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CDC Chief Says Spread Of New Superbug Poses 'Catastrophic Threat' To The Public

A lethal fungus has already killed 61 people in the United States and Acting CDC chief Anne Schuchat warns that the superbug poses a "catastrophic threat" to the public.

The fungus can infect wounds, infiltrate the bloodstream and take root in the urinary tract - it's resistant to many antifungal drugs.

Public health officials are warning US doctors to watch for the Candida auris fungus in hospitals. According to STAT news, patients who have recently undergone surgery, used central venous catheters, been hospitalized for lengthy periods as well as those with diabetes are at high risk of infection.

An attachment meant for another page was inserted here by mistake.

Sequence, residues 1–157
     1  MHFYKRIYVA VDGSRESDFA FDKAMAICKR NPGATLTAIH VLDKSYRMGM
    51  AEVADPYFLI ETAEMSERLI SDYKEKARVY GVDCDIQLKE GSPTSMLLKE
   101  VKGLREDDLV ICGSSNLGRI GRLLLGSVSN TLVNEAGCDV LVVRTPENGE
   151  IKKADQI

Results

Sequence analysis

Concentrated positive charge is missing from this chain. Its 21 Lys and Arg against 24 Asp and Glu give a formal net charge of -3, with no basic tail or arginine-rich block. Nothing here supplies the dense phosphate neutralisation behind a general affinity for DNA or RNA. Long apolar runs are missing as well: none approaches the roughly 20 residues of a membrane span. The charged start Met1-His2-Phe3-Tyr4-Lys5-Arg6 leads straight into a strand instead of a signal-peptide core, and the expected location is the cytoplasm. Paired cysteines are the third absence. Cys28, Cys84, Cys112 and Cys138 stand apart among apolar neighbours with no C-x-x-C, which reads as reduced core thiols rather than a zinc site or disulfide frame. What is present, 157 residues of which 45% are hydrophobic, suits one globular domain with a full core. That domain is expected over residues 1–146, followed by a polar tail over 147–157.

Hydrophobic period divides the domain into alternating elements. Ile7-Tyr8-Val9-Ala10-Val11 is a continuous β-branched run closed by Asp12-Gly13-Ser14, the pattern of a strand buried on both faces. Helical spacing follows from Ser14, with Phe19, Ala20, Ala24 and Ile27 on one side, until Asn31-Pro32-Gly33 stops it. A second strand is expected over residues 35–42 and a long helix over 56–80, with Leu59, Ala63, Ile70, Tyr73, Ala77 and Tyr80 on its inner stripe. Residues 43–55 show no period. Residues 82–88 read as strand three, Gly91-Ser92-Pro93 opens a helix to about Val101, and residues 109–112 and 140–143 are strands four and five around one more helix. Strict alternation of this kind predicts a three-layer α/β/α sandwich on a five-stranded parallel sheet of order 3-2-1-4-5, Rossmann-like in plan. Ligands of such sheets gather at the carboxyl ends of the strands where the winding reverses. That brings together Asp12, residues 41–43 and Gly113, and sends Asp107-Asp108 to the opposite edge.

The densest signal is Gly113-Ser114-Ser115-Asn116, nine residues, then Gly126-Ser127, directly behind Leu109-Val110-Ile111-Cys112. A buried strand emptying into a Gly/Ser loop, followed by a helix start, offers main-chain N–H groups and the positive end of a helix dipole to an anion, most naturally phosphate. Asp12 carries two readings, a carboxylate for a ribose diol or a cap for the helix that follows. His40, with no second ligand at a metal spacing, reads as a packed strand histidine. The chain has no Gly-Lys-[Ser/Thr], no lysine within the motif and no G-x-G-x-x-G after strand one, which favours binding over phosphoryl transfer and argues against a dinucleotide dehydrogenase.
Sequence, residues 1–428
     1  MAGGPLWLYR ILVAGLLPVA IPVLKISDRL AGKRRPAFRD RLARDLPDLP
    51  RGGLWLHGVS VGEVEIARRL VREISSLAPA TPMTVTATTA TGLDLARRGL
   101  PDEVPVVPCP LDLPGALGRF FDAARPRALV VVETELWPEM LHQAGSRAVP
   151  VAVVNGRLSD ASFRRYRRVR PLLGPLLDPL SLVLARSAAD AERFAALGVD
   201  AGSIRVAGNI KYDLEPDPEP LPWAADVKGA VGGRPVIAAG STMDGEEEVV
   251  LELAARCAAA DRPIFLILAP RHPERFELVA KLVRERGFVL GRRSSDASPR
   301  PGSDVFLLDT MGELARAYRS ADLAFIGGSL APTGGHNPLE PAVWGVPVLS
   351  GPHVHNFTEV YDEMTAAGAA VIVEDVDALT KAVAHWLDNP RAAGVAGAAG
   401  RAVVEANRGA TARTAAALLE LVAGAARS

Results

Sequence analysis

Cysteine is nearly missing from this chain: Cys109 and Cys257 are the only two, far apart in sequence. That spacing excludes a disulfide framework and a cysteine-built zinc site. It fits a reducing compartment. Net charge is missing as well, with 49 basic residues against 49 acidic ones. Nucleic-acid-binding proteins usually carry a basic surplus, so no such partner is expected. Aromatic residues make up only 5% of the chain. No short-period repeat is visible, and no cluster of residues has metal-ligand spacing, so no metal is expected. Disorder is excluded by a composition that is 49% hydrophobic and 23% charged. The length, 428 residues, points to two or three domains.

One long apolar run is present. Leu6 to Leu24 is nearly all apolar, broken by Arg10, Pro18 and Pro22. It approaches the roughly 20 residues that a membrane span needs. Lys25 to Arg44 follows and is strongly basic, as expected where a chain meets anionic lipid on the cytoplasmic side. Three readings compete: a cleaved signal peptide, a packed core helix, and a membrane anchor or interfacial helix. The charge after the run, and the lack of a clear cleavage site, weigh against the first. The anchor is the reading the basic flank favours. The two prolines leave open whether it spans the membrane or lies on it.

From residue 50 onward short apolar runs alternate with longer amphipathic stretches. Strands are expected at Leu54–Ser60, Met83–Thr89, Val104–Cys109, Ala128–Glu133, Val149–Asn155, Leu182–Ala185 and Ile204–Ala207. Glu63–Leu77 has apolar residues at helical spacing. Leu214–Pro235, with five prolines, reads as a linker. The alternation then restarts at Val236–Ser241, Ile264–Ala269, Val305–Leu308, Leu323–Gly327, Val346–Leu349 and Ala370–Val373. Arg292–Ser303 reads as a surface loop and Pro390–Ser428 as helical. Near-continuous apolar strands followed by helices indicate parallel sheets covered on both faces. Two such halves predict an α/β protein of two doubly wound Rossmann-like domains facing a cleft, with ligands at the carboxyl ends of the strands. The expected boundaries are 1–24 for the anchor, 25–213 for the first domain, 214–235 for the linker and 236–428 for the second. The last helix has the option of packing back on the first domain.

So far, the lethal fungus was first identified eight years ago in Japan, but has now spread around the world. Sixty-one people in New York, New Jersey and Illinois have been killed by the fungus already.

According to the CDC, the fatality rate of this fungus is frighteningly high: About 60 percent of people who get infected with C.auris have died.

Candida auris falls into the category of drug resistant superbugs know as CREs - bacteria known to scientists that are resistant to most antibiotics. They call them "nightmare bacteria."

“This is a big threat and a wake-up call,” she said. “It was a problem for Ebola. It was a problem for SARS. It’s a problem for drug resistance,” says Schuchat.

Want to know more about superbugs, and how they start? Watch this clip below:

[h/t CDC / STAT ]

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